The protected cells are less likely to burn during charging, but are just as likely to burn while mounted on your head. Some of the risks are
3rd degree burns, lithium poisoning and brain damage.
The cells contain an impressive amount of energy, which during a fault can come back out in a very short time. If you've never seen one fault, it's a bit like a small rocket engine, but with lots more smoke. The legal guys use terms like 'rapid disassembly' to describe the process. Try googling lithium ion battery accident. I would not strap one to my head.
That's a good point. I also have a Bluetooth wireless headset that has a lithium-ion battery (probably not lithium-polymer).
There is a need for concern considering the fact that Amazon, eBay, and others sell batteries of unknown origin. Apparently some of them, especially those with false ratings, are potentially hazardous, sold by corrupt companies. Talking about rechargeable lithium-ion batteries sold separately for use in any compatible device.
On a sunny day (Tue, 10 Feb 2015 13:22:36 +0000 (UTC)) it happened John Doe wrote in :
I had it open a while ago, looks like the usual lipo to me, should have taken the serial number, oh wait I did, lemme look, here you can see the numbering:
it is the 150 mAh version.
Yes, I have several (you can safely say many) of that from ebay, some of the 1 Ah protected ones (that carry the Varta label, dunno if it really IS Varta). So far not a problem, one gets charged every day, mm make that 3. I use a Microchip charger chip.
Yes, especially beware of spiders, or at least take care to read the warning labels. Where I live we have spiders that are black with red hour glass marks on the outside. I suppose the translation from spider language would read "watch out, bad juju".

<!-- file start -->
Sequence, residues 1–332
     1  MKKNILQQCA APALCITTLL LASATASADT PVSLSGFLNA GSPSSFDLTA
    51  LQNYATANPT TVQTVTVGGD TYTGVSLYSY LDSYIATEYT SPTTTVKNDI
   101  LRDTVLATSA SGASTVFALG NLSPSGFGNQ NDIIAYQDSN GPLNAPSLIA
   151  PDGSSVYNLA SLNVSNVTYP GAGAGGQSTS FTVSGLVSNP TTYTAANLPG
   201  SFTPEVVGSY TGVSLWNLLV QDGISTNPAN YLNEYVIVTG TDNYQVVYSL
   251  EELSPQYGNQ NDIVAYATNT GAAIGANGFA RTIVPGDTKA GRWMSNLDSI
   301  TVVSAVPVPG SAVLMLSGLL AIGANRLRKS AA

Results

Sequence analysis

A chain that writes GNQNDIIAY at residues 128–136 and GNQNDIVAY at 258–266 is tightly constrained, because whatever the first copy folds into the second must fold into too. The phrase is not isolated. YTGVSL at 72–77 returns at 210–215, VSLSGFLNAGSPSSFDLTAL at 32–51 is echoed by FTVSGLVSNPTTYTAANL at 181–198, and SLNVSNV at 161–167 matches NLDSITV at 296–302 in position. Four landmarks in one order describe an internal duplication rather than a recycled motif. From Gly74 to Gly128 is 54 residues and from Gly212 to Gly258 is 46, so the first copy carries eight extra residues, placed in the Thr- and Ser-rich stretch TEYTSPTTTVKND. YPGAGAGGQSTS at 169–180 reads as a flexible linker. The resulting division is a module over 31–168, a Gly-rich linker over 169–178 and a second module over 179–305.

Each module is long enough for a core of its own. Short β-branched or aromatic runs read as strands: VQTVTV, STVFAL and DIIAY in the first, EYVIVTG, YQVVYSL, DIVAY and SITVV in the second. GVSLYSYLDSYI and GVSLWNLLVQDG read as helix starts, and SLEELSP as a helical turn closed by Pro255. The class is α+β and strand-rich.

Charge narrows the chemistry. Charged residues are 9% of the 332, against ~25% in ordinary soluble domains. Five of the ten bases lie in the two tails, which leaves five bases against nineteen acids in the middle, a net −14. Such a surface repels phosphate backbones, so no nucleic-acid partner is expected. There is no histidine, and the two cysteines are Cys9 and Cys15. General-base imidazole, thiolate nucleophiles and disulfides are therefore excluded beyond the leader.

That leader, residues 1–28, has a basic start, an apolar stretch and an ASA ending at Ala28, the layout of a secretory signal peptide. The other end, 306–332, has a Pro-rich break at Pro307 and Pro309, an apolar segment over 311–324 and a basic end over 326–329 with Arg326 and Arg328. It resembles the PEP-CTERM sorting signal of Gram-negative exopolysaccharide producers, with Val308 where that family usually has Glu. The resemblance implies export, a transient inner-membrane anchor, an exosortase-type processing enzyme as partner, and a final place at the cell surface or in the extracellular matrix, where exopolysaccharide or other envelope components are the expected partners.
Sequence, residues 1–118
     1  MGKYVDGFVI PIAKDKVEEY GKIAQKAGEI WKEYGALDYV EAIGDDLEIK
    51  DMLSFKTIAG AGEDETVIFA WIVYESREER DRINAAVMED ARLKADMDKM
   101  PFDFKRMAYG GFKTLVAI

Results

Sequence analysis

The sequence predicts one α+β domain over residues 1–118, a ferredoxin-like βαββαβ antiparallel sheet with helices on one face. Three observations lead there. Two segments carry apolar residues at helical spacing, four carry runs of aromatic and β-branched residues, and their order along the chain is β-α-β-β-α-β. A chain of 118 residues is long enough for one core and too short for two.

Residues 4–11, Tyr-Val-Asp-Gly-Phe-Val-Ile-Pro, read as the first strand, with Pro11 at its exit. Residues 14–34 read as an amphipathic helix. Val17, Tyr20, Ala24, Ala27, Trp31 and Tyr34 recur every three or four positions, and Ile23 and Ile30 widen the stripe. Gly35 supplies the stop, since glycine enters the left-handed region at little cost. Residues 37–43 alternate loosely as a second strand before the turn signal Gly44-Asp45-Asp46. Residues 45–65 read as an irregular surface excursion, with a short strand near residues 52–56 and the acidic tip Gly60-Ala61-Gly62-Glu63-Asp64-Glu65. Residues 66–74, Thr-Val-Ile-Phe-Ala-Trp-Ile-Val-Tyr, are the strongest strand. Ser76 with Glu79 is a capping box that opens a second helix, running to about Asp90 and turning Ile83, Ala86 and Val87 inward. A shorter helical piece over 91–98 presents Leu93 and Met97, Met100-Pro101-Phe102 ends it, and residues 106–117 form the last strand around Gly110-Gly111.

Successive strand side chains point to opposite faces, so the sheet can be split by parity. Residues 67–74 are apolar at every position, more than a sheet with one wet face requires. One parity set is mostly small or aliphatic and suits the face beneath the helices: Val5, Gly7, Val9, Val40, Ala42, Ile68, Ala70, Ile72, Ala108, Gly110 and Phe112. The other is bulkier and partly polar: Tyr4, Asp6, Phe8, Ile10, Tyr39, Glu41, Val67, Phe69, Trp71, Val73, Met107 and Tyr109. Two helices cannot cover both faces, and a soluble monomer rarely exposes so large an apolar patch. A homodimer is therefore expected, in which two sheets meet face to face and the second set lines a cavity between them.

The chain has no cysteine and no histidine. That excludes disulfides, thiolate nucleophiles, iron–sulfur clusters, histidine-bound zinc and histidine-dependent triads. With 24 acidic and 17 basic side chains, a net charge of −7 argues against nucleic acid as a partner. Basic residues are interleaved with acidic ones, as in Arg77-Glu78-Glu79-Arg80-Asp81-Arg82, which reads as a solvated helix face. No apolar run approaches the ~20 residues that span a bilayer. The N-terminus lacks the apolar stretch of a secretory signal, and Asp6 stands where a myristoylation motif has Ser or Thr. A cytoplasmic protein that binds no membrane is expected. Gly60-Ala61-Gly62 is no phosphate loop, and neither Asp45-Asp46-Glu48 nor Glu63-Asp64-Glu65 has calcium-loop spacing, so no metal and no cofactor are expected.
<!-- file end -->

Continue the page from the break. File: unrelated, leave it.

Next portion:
Maybe we should derive warning symbols from this kind of natural language.
I was involved in an experiment once where we measured the galvanic skin response of subjects as we showed them different images. We always got a large response from basic natural threat images such as a snarling dog or a snake showing its fangs.
Anyhow, don't strap lipos or spiders to your head. Also, not snakes. That's a general rule. Anything else should be OK.
On a sunny day (Wed, 11 Feb 2015 02:50:52 -0600) it happened ChesterW wrote in :
Right, animal language, yellow colors (wasps) and some other patterns are a danger sign.
Been bitten several times here by spiders, over here they are not really dangerous, just itches a few hours, take a magnifying glass and you see 2 small holes... like a snake byte, but closer to each other, Was down under in Queensland in the fields, there are very deadly ones and snakes too there, warning signs too, did not see any spiders, but one guy killed one.
Antenna is full of spiders here, can be a nice sight: